Today, BBC News 24 went into overdrive. I have never seen so much coverage on snow in my life.  Every conceivable angle was covered.  We had the obligatory news anchor standing outside in the stuff, wiping slabs of snow off a car roof to prove it.  There was even a bit of confusion as to whether the snow was 15 INCHES deep or 15 CENTIMETRES deep. Oh the angst. We then went to the regions and were treated to regional autocuties, all standing about in the snow,  and then we had snow analysis, endless severe weather warnings and finally… requests to send pictures of our own snow in.  I was, I have to say, tempted.

Panic buying was much in evidence at my local supermarket. Bread – none.  Milk – None.  Salt – |None.  Fortunately, as I observed on Twitter this morning – there was plenty of garlic and coriander – so being a MIDDLE CLASS PANIC BUYER… I cleared the shelves of the stuff.

Finally… see what I mean?

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Tories digging it….

I was amused when I saw this picture posted on Twitter by @ericpickles, Chairman of The Conservative Party.

“@EricPickles In the spirit of bi-partisanship we feature two Labour politicians on our next poster”

The Tory bloggers have been running amok – some with style and panache – at the attempted putsch by ‘serial plotter’ Hoon and Patricia Hewitt. I watched the news at lunchtime – I just cannot get enough news about snow and requests to send in pictures about the snow I have got – and watched John Mann MP being wheeled out to look mildly sinister and dismiss the Hoon-Hewitt letter as a load of dissembling, disloyal and self serving bollocks.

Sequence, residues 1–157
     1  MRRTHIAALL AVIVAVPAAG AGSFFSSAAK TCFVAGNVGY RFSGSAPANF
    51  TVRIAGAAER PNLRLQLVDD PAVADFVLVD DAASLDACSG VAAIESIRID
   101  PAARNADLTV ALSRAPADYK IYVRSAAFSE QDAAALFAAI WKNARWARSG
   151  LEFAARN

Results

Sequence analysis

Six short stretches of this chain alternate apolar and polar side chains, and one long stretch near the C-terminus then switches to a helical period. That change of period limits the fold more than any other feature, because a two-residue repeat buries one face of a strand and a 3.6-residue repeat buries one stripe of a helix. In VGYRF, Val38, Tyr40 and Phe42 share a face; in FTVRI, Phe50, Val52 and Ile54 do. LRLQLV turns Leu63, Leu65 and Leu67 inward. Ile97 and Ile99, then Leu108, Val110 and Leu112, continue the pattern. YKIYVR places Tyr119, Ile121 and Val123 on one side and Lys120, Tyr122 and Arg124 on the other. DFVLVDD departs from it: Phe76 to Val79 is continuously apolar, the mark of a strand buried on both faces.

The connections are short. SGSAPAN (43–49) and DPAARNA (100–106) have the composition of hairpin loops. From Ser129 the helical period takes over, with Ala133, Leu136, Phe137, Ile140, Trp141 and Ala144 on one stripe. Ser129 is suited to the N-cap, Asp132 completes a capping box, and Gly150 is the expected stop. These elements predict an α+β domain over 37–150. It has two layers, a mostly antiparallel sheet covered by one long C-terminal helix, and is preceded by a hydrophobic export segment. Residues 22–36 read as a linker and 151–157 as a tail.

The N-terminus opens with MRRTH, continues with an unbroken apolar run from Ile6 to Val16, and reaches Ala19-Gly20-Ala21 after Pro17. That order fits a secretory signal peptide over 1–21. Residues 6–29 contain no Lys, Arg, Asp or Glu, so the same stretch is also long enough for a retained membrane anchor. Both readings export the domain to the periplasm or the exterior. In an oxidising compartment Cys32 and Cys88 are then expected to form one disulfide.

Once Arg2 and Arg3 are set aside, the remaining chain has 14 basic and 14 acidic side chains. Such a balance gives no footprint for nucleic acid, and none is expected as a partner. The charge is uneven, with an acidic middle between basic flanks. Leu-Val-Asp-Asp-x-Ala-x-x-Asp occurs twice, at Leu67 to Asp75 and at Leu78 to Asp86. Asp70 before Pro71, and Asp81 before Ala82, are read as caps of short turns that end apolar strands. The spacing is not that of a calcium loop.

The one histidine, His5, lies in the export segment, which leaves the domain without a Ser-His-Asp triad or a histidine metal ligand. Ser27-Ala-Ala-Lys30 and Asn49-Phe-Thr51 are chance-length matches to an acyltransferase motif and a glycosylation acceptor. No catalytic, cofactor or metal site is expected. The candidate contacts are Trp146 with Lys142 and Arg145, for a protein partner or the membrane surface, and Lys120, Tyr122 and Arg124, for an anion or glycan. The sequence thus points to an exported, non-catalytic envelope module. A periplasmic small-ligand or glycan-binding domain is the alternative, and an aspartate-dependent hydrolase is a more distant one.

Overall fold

But in the spirit of just enjoying playing around with captions and pictures (both from the Conservative Party Flickr site – a rich source of excellent photographs for this sort of thing) here are two I knocked up as I opened a bottle of Rioja. OK…OK… I know… childishly simplistic…. but we will all go mad if we take everything about the election campaign too seriously. As Shami Chakrabarti said in the podcast I did with her… the country is going to be governed by the government whoever wins and it may not even be a choice between the devil and the deep blue sea but between two devils at this rate.

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Immediate ballot on future of prime minister

Geoff Hoon and Patricia Hewitt launch new Gordon Brown challenge

Times: Two former Cabinet ministers have today launched a last-ditch attempted putsch against Gordon Brown.

Geoff Hoon and Patricia Hewitt have written to all Labour MPs calling for the leadership issue to be sorted out “once and for all”.

A source close to the former Cabinet ministers, both of whom were allies of Tony Blair, said: “We can’t go on like this.”